Type II takes a star that is approximately 8 to 25 times the size of our sun. As it burns though all its materials and the fusion processes reaches the iron element, matter falls back onto the core of the star. The core becomes too heavy to support its own gravity forcing its core to collapse and then explode.
So, are black holes the opposite of supernovas?
In a way. Black holes are created from a gravitational collapse, meaning that some black holes are born during supernovae while others, whose stars are big enough, can collapse into a black hole without the need for a supernova. Supernovas blow all their material outwards; black holes suck in all the material around them.
But there are misconceptions about this. Tons of material is swirling around a black hole and being pulled inwards due to the gravitational pull of the center of the black hole. This disk of material is called the accretion disk. This creates fast winds that can then push materials back out into the universe. We can tell how and when this happens by using spectrometers, which help us observe wavelengths beyond our visual spectrum. Everything around us has a specific wavelength that it emits—we know what hydrogen, helium, nickel, iron, etc. look like. When we look at these phenomena through a spectrum we can see that a black hole is spewing these things back into the universe. Now if things get past the event horizon of the black hole, then they will get sucked into it with no way of escaping.
How do you know all of this, and what else don’t we know about the life and death of stars?
I spent two years doing research at the College of Charleston, and one of my projects was coding through data gathered by the Kepler telescope, whose objective was finding habitable Earth-like planets. During its mission, Kepler took a lot of photos of space, including photos of stars, which it didn’t need. So, I was assigned to examine some of these photos. The stars I looked at were all found in a 4 arc second window of space (about 400 feet of sky) that contained one million stars, 180,000 of which weren’t flickering. I wanted to see whether we could truly label these stars as constant, or if they’re just showing high levels of activity but low levels of variability.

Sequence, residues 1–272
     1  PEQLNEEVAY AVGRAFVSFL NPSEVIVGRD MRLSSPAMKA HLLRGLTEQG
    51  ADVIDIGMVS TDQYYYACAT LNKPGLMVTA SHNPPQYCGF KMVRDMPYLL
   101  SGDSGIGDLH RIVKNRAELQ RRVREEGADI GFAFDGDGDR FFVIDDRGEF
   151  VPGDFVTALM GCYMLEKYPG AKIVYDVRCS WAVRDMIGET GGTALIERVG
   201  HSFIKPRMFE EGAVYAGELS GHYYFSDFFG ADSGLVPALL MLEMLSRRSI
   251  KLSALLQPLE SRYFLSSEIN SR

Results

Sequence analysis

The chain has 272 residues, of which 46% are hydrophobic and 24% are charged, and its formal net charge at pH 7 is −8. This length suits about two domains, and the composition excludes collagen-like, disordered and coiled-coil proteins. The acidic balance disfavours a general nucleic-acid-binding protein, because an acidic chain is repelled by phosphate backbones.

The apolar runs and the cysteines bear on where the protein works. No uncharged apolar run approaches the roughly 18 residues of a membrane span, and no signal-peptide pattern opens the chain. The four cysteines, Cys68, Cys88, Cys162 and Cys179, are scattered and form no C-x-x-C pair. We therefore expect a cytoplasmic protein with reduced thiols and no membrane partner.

I also studied the Broad Absorption Line quasar (PG 111-080), a black hole whose x-rays and ultra violet waves have been recorded by the Swift and Chandra satellites. I looked at charts and models that indicated its winds were blowing material out into the universe, and by observing this we can learn more about how black holes interact with the galaxy.
But there’s a lot more we don’t yet know about stars. Black holes are still mysterious. We haven’t seen what happens when something goes through the whole cycle of interacting with a black hole, but we have theories on it. Stephen Hawking believed that material going through a black hole would be simultaneously stretched and compressed. We theorize based on laws of physics and how things work on our planet, but do they work everywhere?
Want to discover some answers about space for yourself?
Check out our Space Gallery!
Photo Credit: Chandra X-ray Observatory
Caption: This image combines data from four different space telescopes to create a multi-wavelength view of all that remains of the oldest documented example of a supernova, called RCW 86. The Chinese witnessed the event in 185 A.D., documenting a mysterious "guest star" that remained in the sky for eight months.